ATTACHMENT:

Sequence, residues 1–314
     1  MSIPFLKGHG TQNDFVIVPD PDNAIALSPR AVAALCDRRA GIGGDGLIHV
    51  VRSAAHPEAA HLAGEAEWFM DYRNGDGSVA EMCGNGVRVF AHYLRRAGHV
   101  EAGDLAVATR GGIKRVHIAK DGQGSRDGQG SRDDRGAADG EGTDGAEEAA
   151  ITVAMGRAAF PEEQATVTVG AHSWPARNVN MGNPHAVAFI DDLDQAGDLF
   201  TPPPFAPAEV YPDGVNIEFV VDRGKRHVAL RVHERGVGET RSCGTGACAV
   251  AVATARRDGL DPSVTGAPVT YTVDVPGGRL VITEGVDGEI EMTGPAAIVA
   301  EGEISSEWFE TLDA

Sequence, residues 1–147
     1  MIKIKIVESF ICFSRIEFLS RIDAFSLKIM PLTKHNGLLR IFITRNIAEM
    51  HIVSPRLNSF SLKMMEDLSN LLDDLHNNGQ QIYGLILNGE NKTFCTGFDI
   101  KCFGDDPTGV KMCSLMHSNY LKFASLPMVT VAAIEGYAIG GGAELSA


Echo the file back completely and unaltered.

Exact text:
Sequence, residues 1–314
     1  MSIPFLKGHG TQNDFVIVPD PDNAIALSPR AVAALCDRRA GIGGDGLIHV
    51  VRSAAHPEAA HLAGEAEWFM DYRNGDGSVA EMCGNGVRVF AHYLRRAGHV
   101  EAGDLAVATR GGIKRVHIAK DGQGSRDGQG SRDDRGAADG EGTDGAEEAA
   151  ITVAMGRAAF PEEQATVTVG AHSWPARNVN MGNPHAVAFI DDLDQAGDLF
   201  TPPPFAPAEV YPDGVNIEFV VDRGKRHVAL RVHERGVGET RSCGTGACAV
   251  AVATARRDGL DPSVTGAPVT YTVDVPGGRL VITEGVDGEI EMTGPAAIVA
   301  EGEISSEWFE TLDA

Sequence, residues 1–147
     1  MIKIKIVESF ICFSRIEFLS RIDAFSLKIM PLTKHNGLLR IFITRNIAEM
    51  HIVSPRLNSF SLKMMEDLSN LLDDLHNNGQ QIYGLILNGE NKTFCTGFDI
   101  KCFGDDPTGV KMCSLMHSNY LKFASLPMVT VAAIEGYAIG GGAELSA